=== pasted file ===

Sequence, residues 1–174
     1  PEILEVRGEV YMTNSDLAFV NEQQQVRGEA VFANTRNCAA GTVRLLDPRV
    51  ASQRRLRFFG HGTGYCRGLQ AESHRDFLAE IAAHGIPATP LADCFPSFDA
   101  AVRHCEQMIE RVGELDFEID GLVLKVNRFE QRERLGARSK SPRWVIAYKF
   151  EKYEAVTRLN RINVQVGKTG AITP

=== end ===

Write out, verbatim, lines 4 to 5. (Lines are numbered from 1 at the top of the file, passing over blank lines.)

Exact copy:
   101  AVRHCEQMIE RVGELDFEID GLVLKVNRFE QRERLGARSK SPRWVIAYKF
   151  EKYEAVTRLN RINVQVGKTG AITP